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Hasidic man, 18, gets 7 years in attack

WHITE PLAINS (AP) -- A Hasidic man was sentenced Tuesday to seven years in prison for the firebomb attack that badly burned a neighbor during a religious dispute in an insular Jewish enclave.

A defense attorney said the sentence was fair, but he worried about prison life for an 18-year-old who has "never seen TV, never been on the Internet, doesn't know who Babe Ruth and Derek Jeter are."

Shaul Spitzer, of New Square, had been charged with attempted murder but pleaded guilty to assault. A trial would have brought unwanted attention to New Square, a New York village where nearly every one of the 7,000 residents is a member of the Skver Hasidic sect.

Spitzer admitted he attacked Aron Rottenberg outside Rottenberg's home in May. He said he did it because Rottenberg defied New Square's grand rabbi by worshipping with nursing home residents rather than in New Square's main synagogue. Rottenberg claimed in a lawsuit that Spitzer was acting at the direction of the rabbi, David Twersky. The rabbi denied involvement and was not charged.



Firefighter who died at blaze is honored

FARMINGVILLE (AP) -- Black and purple bunting adorned two firehouses Tuesday, one in New York City and a second on Long Island, both paying tribute to the same man: a veteran New York City firefighter and longtime volunteer who collapsed and died battling a warehouse fire in Brooklyn.

Lt. Richard Nappi, a 17-year veteran of the FDNY, overheated and suffered exhaustion before he collapsed trying to put out the fire at a warehouse building in Brooklyn's Bushwick neighborhood, Mayor Michael R. Bloomberg announced Monday night.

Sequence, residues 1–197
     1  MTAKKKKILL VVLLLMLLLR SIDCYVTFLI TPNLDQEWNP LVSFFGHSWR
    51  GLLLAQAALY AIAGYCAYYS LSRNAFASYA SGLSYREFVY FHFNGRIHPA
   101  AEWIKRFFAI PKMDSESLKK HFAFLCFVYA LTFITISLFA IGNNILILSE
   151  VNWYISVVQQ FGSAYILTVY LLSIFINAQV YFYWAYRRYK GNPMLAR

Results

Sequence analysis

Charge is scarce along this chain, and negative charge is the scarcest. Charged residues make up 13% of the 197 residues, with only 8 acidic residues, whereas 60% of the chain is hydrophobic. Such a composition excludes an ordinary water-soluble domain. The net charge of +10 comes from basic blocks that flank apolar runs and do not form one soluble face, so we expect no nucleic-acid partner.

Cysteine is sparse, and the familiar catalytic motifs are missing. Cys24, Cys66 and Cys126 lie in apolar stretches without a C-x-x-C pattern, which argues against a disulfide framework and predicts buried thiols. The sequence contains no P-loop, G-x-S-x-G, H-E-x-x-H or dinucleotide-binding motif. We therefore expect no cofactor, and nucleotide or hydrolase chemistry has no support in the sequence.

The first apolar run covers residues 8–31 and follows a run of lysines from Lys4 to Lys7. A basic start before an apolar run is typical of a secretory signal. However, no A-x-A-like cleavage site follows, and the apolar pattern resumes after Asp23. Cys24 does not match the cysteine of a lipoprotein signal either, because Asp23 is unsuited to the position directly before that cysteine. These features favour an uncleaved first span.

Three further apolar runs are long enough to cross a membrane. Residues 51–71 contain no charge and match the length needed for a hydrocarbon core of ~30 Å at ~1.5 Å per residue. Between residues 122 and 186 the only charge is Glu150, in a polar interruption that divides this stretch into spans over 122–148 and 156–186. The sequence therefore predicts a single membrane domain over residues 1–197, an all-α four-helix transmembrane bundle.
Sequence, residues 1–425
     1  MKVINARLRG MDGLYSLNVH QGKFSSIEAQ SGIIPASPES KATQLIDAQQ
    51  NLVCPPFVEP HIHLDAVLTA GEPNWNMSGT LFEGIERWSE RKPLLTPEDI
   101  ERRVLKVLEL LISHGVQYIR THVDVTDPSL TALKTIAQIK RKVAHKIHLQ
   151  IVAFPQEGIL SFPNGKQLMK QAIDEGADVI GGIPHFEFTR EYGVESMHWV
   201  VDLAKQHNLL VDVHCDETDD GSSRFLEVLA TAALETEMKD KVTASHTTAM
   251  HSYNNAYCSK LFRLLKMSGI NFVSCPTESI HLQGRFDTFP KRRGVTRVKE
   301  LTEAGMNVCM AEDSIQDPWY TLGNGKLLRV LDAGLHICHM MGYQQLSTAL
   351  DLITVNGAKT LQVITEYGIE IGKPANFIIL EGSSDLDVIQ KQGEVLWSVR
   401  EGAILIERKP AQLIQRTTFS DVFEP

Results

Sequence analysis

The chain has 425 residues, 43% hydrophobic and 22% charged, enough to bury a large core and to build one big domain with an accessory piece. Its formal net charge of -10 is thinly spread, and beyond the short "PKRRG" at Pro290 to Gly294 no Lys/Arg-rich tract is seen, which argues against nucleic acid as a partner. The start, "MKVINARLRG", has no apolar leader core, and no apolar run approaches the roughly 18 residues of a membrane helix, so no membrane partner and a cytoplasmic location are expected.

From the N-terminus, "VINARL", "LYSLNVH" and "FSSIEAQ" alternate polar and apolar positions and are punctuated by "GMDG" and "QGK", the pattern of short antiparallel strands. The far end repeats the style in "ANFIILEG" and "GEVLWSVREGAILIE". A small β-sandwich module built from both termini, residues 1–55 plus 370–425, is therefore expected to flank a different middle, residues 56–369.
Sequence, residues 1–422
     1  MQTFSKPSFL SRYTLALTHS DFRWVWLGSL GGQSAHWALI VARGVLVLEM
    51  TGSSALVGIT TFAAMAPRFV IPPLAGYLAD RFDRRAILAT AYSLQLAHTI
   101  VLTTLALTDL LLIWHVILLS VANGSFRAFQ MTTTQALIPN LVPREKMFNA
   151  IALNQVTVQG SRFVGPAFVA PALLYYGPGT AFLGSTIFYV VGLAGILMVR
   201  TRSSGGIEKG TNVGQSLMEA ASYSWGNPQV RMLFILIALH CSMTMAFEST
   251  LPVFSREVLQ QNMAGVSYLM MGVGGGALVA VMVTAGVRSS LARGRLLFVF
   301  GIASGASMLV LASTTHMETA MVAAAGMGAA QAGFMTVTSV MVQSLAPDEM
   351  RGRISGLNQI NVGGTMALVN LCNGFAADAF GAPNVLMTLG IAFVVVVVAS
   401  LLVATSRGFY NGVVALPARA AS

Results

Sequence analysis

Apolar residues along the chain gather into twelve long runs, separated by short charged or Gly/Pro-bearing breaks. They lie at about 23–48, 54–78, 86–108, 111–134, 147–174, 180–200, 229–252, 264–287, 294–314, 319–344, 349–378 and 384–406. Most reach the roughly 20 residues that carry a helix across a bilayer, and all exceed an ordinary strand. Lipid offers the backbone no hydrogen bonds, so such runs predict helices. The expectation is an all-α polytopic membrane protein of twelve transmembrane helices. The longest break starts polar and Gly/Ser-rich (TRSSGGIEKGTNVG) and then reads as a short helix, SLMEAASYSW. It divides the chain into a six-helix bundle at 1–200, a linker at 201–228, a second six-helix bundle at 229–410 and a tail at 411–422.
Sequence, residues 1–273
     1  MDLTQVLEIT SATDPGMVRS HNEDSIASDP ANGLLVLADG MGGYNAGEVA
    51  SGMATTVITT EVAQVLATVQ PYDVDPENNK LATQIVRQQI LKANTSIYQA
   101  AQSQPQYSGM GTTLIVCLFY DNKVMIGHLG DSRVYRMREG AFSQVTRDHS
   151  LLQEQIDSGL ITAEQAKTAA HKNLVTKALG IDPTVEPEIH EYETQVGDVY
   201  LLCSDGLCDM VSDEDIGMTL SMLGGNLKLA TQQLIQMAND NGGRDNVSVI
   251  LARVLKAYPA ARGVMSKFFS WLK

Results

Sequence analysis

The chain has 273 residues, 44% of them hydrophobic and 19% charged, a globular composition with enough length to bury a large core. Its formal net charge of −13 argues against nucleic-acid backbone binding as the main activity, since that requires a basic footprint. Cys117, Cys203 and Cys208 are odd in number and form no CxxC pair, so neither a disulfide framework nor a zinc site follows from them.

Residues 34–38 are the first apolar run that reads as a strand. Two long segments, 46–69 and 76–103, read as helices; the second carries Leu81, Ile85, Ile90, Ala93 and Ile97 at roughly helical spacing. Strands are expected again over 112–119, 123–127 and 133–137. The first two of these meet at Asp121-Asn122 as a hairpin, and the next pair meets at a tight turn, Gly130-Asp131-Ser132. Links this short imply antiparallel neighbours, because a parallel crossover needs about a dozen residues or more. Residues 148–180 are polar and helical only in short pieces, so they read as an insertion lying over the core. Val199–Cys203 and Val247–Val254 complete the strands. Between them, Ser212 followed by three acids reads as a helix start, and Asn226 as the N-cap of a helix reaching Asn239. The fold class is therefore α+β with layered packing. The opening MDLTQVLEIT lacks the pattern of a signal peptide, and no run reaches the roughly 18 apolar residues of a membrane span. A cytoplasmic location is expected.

The mayor noted that Nappi, 47, was among the hundreds of firefighters who responded to the terrorist attack on the World Trade Center on Sept. 11, 2001, and worked for more than a decade to help recover from the tragedy.

"Outside his family, his life's work was keeping New Yorkers safe from fires," Bloomberg said. "And by any measure, he succeeded magnificently."

Nappi also was a volunteer in his town's volunteer department.



Ban sought on seizing condoms as evidence

ALBANY (AP) -- Advocates for sex workers want New York to become the first state to ban police officers from confiscating condoms as evidence in prostitution cases, saying it has a chilling effect on disease protection. To bolster their case, a group issued a report Tuesday showing that fear of police harassment and arrest has prompted some prostitutes to carry fewer or no condoms and have sex without them, despite massive government giveaways.

"We did find, which is a good thing, that sex workers generally carry condoms and use condoms," said Sienna Baskin, an attorney with the Sex Workers Project at the Urban Justice Center in Manhattan

"We are not endorsing prostitution," said State Sen. Velmanette Montgomery, D-Brooklyn, sponsor of the bill to ban condom evidence. "It is simply related to the fact that over 100,000 people right now are infected with HIV and AIDS in New York City." Calls to the New York Police Department and Manhattan District Attorney's Office were not immediately returned.